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Accounting

When It Comes to Lease Accounting, Plan Ahead, Weigh Your Options, and Know Your Environment


by Walker Wilkerson

With the right preparation, professional guidance, and resources, companies can be in good shape by the end of the year.

© MathieuLphoto/iStock/Getty Images Plus

As we pass the midpoint of the fiscal year and financial leaders start thinking about year-end deadlines, the new lease accounting standards may not seem like a top priority. But preparing for implementation now can position you for success and eliminate any last-minute hurdles.

Financial Accounting Standards Board (FASB) ASC 842 and Governmental Accounting Standards Board (GASB) 87 both require entities to evaluate all contracts relating to right-of-use assets for recognition in financial statements. Previously, lease standards allowed operating leases to be reported in a way that did not clearly reflect commitments made by the lessee. Thus, only capital leases were recognized as an asset and liability in the financial statements, and liabilities associated with operating leases were only disclosed in the notes to the financial statements.

Moving forward, for contracts that qualify, entities are required to report a lease asset and liability. ASC 842 also requires that leases be classified as either operating or financing, which can impact their presentation on income and cash flow statements. Meanwhile, GASB 87 requires that all leases be reported as financing activities, which significantly changes how entities report expenditures in governmental funds.

The new lease standards will cause many companies to report a new asset and liability on their financial statements. It’s not only important for companies to understand how this will change internal reporting, but also how their financial statements will be viewed by third parties, especially when seeking future financing. With the year-end deadline quickly approaching, companies need to start designing and implementing accounting processes that meet the new requirements.

Stay ahead of the deadline with the right planning

As with any project, the more time spent on planning and preparation, the better chance of successful execution. Start by developing a high-level project plan and establishing a steering committee to provide project oversight, all within an achievable timeline.

These standards may require a bit more effort to implement than expected, but with the right preparation, professional guidance, and resources, companies can be in good shape by the end of the year. To stay ahead, companies should consider the following:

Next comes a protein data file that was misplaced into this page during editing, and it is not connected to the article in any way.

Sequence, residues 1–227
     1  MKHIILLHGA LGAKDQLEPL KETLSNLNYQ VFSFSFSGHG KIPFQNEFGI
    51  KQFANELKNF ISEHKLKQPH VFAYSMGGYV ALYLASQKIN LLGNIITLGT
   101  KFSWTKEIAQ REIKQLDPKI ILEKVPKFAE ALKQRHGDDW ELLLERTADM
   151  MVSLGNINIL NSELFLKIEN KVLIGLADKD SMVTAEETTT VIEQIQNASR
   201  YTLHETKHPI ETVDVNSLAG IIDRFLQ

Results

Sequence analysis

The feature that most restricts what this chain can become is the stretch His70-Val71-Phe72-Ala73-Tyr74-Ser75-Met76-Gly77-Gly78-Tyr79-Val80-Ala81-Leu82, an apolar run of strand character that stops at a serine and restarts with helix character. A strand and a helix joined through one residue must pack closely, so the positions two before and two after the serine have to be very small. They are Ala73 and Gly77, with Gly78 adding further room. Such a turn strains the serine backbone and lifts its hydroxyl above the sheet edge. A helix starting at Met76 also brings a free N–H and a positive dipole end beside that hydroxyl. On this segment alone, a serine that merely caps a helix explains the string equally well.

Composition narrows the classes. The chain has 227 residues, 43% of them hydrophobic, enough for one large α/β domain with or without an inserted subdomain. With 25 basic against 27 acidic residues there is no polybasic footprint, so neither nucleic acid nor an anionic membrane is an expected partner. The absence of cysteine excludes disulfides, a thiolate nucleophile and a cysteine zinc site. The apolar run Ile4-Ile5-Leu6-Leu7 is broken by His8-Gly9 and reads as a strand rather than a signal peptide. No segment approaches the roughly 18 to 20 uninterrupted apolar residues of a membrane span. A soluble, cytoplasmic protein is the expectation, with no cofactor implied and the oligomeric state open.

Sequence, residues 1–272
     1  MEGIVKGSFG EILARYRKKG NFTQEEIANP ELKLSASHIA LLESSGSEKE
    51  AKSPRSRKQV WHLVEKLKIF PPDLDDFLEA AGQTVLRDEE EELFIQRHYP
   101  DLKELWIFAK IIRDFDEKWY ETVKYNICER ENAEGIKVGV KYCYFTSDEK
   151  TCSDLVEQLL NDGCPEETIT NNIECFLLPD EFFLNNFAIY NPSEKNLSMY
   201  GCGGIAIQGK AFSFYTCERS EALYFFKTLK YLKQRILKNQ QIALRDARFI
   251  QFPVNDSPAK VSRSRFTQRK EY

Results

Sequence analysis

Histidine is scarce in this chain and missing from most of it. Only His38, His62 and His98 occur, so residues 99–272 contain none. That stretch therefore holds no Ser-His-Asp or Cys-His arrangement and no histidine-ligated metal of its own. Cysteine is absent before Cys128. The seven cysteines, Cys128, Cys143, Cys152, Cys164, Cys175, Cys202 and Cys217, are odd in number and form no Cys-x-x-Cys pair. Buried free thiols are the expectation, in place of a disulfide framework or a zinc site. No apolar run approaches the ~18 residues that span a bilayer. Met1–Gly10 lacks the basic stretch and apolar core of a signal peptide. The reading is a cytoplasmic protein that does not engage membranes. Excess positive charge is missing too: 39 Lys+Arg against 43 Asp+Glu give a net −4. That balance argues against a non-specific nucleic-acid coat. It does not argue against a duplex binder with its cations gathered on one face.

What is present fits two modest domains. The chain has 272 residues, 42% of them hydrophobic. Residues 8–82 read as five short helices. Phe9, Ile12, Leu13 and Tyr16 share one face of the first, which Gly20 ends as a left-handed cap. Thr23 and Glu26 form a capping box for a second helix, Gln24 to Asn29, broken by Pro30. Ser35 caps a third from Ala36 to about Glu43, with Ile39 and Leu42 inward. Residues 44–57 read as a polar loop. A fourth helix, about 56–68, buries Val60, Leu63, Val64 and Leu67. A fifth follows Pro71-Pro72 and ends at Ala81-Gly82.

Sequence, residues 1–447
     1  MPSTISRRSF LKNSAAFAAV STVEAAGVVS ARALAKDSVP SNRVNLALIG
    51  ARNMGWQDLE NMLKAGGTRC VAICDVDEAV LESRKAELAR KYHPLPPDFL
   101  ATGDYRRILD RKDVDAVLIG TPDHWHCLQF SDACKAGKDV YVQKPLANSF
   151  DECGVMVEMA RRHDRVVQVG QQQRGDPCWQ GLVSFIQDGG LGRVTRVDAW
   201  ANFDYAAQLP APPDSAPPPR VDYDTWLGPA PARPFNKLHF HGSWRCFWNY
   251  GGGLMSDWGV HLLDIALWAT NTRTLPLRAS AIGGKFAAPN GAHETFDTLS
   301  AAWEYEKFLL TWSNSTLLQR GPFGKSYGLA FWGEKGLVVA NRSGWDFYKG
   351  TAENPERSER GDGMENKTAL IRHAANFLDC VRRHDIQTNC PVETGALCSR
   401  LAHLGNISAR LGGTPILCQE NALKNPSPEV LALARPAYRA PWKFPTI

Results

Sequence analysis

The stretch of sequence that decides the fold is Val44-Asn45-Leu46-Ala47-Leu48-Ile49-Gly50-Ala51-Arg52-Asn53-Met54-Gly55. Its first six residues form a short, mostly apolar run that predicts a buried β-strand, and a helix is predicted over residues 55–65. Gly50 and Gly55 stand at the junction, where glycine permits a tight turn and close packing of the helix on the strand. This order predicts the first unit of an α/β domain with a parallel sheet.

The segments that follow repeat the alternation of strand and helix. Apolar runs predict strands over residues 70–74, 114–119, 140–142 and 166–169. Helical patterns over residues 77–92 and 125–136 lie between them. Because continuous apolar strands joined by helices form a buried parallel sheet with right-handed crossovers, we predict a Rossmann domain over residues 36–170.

1. Understand how many leases you have and gather all relevant information. Analyze existing leases, service arrangements, and other contracts to determine if they meet the definition of a lease under the new standards. To make this easier, establish an internal control that requires all contracts to be evaluated under the new lease standards.
  2. Find a software solution to account for leases moving forward. This will look different for each organization. The tool you use is completely different when accounting for one lease versus one hundred.
  3. Evaluate each contract, record journal entries and determine the impact on your financial statements. Learn how the new standards impact internal controls and each functional area of the entity and consider making changes. This is especially important for entities with loan covenants or for those who are seeking financing.

Be mindful of new terminology

One of the changes within the new standard is that assets that previously met the criteria of a capital lease are now referred to as a “finance lease.” One of the most common characteristics of a finance lease is the transfer of ownership to the lessee at the end of the lease. Large equipment such as forklifts, airplanes, and excavators often fall into this category. The most common example of operating leases relates to real estate. Evaluate each contract individually to determine the correct classification. Under the right circumstances, these lease arrangements could easily fall into either category.

Tools to get started

Accounting for leases will depend on how many you have and what type of information you need to manage your business. There are several simple tools and enterprise solutions available to help companies meet their financial reporting and management needs. Simple Excel-driven solutions can help crunch the numbers and provide the basis for journal entries — while enterprise solutions can automate journal entries and easily create draft financial note information. These enterprise solutions can also help companies manage and evaluate their leases.

When deciding on a solution, organizations should consider their unique needs and talk with multiple vendors. Software vendors can provide demos and an overview of how their product can help you manage your business. Don’t get distracted by features that look great but you will never use.

Understanding your lease environment and being proactive when entering into new leases is how organizations can ultimately prepare for the transition. Your knowledge and understanding of how each contract is structured directly impacts financial reporting. Consider modifying historical language when entering future contracts to make sure the accounting properly reflects the circumstance. Though the implementation process can be time consuming and expensive, being resourceful and seeking outside guidance can streamline the process and position you for successful year-end reporting.

Walker Wilkerson is Managing Principal of National Assurance at CLA. He is located in Lakeland, Florida.